Tuesday 24 May 2011

The Hann Perspective: Ducks in a Row

Many years ago, when I was new to my present calling, a wise old gent told me that the second rule of public relations is always to get your ducks in a row.

Naturally I did not have the foggiest idea what he was talking about. I thought I had gone into an advisory business, not some feathered branch of agriculture. (In those days, incidentally, I naively believed that ducks were humanely reared on outdoor ponds where caring attendants fattened them up on a diet of only slightly stale bread.)

Over time, though, aligning the aforementioned ducks came to be one of those meaningless phrases, like “thinking outside the box” and “centres of excellence”, that I accepted as part of my daily verbal armoury.

Bullshit Bingo

People nodded when I said it, as though I had imparted some valuable piece of wisdom. All I ever meant was that it might be a good idea, before embarking on some corporate activity or announcement, for those involved to think through what they were trying to achieve and how they were going to explain it to the outside world.

The message did not always get across. I wasted one memorable Sunday trying to persuade the two parties to a particularly ill-starred retail merger to come up with a more convincing strategic rationale than the real one, which was that it had generated lots of lovely fees for the bankers who had conceived the idea of sticking the two businesses together, and who would soon double their money by taking them apart again.

Come the next morning’s press conference, a journalist duly asked the obvious first question: “Why?” And received the less than convincing response: “Well, it’s obvious, isn’t it?” Followed by a long silence during which I could swear I saw tumbleweed.

Similarly, I have spent countless man hours trawling through the results announcements of my clients and thinking up the nastiest and most devious questions anyone could possibly raise about them. After more than a decade of doing this, one finance director rang me as his train was approaching King’s Cross to say that he and his CEO had read them and were rather impressed.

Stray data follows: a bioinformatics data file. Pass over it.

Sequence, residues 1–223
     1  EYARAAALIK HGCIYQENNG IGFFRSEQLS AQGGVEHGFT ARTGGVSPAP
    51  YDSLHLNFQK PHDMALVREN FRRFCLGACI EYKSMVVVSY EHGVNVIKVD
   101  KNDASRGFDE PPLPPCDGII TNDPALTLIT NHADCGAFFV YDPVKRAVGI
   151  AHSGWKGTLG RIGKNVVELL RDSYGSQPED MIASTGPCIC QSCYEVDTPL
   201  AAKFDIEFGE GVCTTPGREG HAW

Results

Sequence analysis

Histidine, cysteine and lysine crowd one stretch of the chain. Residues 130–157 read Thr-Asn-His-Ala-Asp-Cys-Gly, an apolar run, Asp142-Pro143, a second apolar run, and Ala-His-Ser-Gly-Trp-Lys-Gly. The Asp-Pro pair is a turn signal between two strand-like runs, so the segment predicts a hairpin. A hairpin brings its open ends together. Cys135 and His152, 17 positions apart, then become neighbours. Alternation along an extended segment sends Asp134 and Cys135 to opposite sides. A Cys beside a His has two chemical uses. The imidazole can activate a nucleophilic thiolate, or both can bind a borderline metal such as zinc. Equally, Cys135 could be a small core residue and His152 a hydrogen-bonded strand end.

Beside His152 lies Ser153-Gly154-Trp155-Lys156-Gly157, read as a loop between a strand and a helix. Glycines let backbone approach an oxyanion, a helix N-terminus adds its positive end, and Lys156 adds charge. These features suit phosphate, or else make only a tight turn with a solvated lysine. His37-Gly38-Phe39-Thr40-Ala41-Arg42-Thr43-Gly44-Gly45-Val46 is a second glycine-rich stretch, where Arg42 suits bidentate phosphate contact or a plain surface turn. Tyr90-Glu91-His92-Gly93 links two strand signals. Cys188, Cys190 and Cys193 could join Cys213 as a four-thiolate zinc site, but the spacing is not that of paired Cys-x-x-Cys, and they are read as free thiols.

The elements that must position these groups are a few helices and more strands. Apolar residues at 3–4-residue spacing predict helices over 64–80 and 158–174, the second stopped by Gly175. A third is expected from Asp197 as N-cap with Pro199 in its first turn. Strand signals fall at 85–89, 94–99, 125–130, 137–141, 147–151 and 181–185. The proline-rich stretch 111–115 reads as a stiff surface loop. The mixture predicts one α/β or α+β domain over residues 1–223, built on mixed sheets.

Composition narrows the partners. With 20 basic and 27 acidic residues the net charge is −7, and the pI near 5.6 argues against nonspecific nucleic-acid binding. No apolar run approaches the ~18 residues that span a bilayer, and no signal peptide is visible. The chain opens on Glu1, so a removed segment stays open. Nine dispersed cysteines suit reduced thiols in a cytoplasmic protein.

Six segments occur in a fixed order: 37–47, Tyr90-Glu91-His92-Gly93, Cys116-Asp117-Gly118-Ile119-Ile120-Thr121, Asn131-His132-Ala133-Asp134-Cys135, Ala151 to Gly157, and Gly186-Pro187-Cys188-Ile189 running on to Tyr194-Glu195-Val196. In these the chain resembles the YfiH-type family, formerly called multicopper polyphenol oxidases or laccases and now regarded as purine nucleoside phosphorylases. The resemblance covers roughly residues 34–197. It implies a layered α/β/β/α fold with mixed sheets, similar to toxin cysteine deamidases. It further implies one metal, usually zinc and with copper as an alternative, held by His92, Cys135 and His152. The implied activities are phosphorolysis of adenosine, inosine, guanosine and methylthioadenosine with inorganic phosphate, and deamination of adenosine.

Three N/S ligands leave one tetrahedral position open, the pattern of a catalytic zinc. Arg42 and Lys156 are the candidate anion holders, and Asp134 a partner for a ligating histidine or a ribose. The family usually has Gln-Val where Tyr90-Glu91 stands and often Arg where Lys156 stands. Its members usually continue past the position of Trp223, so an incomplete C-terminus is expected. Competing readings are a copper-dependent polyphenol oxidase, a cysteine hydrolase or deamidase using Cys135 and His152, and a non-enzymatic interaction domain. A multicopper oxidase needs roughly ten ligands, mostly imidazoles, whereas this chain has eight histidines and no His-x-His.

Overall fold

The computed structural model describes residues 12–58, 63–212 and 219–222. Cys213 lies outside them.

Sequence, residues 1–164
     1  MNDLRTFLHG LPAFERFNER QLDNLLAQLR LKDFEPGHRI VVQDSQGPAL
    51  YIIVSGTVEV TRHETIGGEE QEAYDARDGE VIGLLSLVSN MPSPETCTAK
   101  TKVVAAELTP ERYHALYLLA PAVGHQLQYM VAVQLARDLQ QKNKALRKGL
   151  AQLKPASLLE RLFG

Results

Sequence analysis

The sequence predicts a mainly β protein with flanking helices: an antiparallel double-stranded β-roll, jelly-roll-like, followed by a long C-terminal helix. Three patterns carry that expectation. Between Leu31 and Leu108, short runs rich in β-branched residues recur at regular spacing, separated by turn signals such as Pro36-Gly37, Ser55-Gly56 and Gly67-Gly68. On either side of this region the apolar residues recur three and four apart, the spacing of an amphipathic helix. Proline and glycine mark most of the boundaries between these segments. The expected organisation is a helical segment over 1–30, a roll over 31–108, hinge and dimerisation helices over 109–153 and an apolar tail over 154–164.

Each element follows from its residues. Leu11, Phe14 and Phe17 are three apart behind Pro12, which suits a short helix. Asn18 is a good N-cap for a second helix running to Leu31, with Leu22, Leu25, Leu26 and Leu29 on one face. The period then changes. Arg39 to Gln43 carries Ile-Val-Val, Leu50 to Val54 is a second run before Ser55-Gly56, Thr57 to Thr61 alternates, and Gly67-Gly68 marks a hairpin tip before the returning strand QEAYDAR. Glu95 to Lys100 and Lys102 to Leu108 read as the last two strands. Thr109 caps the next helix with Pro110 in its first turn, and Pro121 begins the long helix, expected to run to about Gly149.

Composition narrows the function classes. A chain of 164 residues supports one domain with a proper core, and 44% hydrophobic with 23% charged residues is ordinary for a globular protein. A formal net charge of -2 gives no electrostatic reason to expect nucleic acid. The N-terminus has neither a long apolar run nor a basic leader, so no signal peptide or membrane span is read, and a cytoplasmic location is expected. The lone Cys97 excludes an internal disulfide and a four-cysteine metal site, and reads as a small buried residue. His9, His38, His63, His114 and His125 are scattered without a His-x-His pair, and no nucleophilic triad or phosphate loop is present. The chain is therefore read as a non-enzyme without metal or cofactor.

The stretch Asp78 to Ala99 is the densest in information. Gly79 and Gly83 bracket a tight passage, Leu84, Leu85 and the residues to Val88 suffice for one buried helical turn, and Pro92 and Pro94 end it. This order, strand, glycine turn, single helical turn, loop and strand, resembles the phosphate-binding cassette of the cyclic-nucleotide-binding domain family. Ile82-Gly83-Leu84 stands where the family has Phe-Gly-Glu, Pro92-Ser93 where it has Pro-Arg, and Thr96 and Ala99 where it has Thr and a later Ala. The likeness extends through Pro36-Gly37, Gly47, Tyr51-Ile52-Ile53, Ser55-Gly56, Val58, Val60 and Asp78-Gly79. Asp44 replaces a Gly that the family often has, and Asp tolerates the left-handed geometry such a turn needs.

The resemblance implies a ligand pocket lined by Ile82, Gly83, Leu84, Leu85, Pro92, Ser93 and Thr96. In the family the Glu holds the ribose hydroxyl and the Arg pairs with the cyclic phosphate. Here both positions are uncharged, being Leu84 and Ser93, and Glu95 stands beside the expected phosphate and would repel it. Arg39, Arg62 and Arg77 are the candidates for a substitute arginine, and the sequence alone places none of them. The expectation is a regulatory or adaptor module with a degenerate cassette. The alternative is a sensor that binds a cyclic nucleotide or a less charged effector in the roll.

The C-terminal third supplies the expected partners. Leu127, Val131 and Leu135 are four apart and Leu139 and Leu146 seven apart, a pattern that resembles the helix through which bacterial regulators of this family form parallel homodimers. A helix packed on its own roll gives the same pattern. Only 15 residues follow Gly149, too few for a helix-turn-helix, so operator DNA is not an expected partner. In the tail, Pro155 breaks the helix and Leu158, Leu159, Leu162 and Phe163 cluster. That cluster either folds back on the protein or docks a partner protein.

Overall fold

“We’ve never bothered to look at them before,” he added, disarmingly, which at least explained why they had spent so many previous analysts’ conferences looking vaguely nonplussed. Fortunately the similar lack of attention to rehearsing their presentation meant that the time left for questions was always minimal.

I am glad to say that things have moved on in the business world, while in politics the task of duck alignment has become such an obsession that it is impossible to get a straight answer to any question, as opposed to the carefully prepared and rehearsed answer to the question that the minister or his shadow wanted to be asked.

This lack of spontaneity and, for want of a better word, honesty, is one of the many reasons for the current widespread disillusionment with our political class.

But consider the alternative of the White House, and their vivid accounts of US military operations. Whether it is the sadly botched rescue of a hostage or the elimination of the world’s most wanted terrorist, there never seems to be any delay in blurting out an incredible story of derring-do, apparently concocted by a small boy who has been allowed to spend too long leafing through his grandpa’s stash of 1960s war comics.

But then, like the small boy’s account of how that pane of glass in the greenhouse was broken by a probe from an alien spacecraft, an altogether more prosaic story comes to light.

Almost every detail of the original epic firefight with bin Laden, and how he was subsequently shot while cowering behind his wife, proved to be what Hillary Clinton likes to call “misspoken”. So much so that I did not even feel particularly surprised when I saw a billboard proclaiming “Osama unharmed”, though it turned out when I bought a paper on the strength of it that I had misread “unarmed”.

Now why, when you are dealing with issues so sensitive that people are prepared to blow themselves to pieces to demonstrate the strength of their feelings, would you not think it worth taking a little time and trouble to get your story straight before giving your account of events?

It made me realise, for the first time, the true genius of Ian McDonald, the Ministry of Defence spokesman in the Falklands war, who not only took ages to release a story but then read it at a funereal pace to assist the easy taking of dictation by any hard-of-hearing octogenarian reporters in the vicinity.

And it also reminded me of what that wise old gent I mentioned at the outset told me was the first rule of public relations: “If in doubt, say nowt.”

Keith Hann is a PR consultant who knows all the rules, but does not always obey them – www.keithhann.com

Originally published in nebusiness magazine, The Journal, Newcastle upon Tyne.

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